The Willis decision garnered attention from both marijuana advocates and pro-gun advocates, but other cases since then have been trending in the other direction, and the federal classification of marijuana as a Schedule I drug under the Controlled Substances Act continues to give concern to the courts and create confusion for firearm owners who may use medical marijuana in the (majority of) states that have now legalized its use. For a recent example, in Bradley v. United States, 402 F.Supp.3d 398 (N.D. Ohio, Aug. 14, 2019), a gunowner wanted to register for Ohio’s medical marijuana program and claimed that §922(g)(3) prevented him from doing so, thereby violating his Second Amendment rights, as well as the Equal Protection clause. Bradley was diagnosed with post-traumatic stress disorder (PTSD) but was barred by federal law from participating in Ohio’s medical marijuana program because he was in possession of a firearm. The court rejected his claims, in part because he faced no imminent threat of prosecution (lacked standing) and partly because his Second Amendment claim was implausible. The court cited numerous cases from other district and circuit courts consistently holding that §922(g)(3) did not violate the Second Amendment, including situations where marijuana consumption would have been legal under state law, yet the courts affirmed “the constitutionality of §922(g)(3) under the Second Amendment” in that context.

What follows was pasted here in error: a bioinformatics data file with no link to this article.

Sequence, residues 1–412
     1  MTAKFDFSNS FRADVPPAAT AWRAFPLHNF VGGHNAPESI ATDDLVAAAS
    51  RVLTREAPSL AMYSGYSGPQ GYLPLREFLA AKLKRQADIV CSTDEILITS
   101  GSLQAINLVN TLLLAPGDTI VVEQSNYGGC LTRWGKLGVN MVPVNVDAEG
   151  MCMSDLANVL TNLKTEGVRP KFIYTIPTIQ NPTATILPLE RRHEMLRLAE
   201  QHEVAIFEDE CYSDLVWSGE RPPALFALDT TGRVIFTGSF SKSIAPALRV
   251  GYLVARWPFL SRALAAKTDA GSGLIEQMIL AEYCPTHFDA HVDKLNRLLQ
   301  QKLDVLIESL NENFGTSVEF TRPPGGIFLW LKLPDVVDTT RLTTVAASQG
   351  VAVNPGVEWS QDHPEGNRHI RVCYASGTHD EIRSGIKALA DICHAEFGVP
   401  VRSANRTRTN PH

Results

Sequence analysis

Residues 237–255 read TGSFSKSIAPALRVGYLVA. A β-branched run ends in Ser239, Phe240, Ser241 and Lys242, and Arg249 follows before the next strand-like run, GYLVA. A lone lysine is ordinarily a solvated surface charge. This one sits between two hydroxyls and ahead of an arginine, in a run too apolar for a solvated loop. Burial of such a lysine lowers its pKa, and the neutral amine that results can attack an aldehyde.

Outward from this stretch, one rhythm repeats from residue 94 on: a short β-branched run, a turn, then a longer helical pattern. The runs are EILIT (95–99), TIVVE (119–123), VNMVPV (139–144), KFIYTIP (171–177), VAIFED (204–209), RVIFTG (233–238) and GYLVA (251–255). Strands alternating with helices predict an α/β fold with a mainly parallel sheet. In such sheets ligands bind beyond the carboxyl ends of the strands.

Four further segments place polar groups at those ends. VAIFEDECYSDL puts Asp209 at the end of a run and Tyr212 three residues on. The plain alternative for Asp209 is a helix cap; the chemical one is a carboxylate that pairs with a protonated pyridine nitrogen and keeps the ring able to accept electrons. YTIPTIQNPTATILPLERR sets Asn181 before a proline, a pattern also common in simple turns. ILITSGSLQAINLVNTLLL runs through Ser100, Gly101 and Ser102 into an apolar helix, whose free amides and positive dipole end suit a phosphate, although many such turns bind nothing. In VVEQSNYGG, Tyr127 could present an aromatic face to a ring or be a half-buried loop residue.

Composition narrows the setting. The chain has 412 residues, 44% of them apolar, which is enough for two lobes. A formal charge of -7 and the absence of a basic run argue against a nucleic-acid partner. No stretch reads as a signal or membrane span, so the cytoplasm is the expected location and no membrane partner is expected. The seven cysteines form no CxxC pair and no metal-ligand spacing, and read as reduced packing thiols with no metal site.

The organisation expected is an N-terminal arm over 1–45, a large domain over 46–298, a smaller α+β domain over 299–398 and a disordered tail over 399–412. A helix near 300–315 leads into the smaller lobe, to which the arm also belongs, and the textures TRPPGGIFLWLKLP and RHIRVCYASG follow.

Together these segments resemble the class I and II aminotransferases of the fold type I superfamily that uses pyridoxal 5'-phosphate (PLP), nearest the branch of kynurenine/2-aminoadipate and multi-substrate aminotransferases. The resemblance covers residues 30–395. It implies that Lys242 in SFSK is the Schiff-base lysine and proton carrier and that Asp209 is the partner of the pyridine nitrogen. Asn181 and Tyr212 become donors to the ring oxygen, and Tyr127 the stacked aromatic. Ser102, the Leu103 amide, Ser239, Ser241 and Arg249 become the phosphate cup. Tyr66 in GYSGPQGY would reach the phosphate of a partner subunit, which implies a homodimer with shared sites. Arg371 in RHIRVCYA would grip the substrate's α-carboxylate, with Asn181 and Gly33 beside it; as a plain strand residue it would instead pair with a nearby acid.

The Sixth Circuit reached the same conclusion in United States v. Bellamy, 682 Fed.Appx. 447 (6th Cir. 2017) (unpublished), holding that §922(g)(3) applied even if defendant held a state-issued medical marijuana card. At the same time, Bellamy did not include a Second Amendment claim, but was decided on statutory and preemption grounds.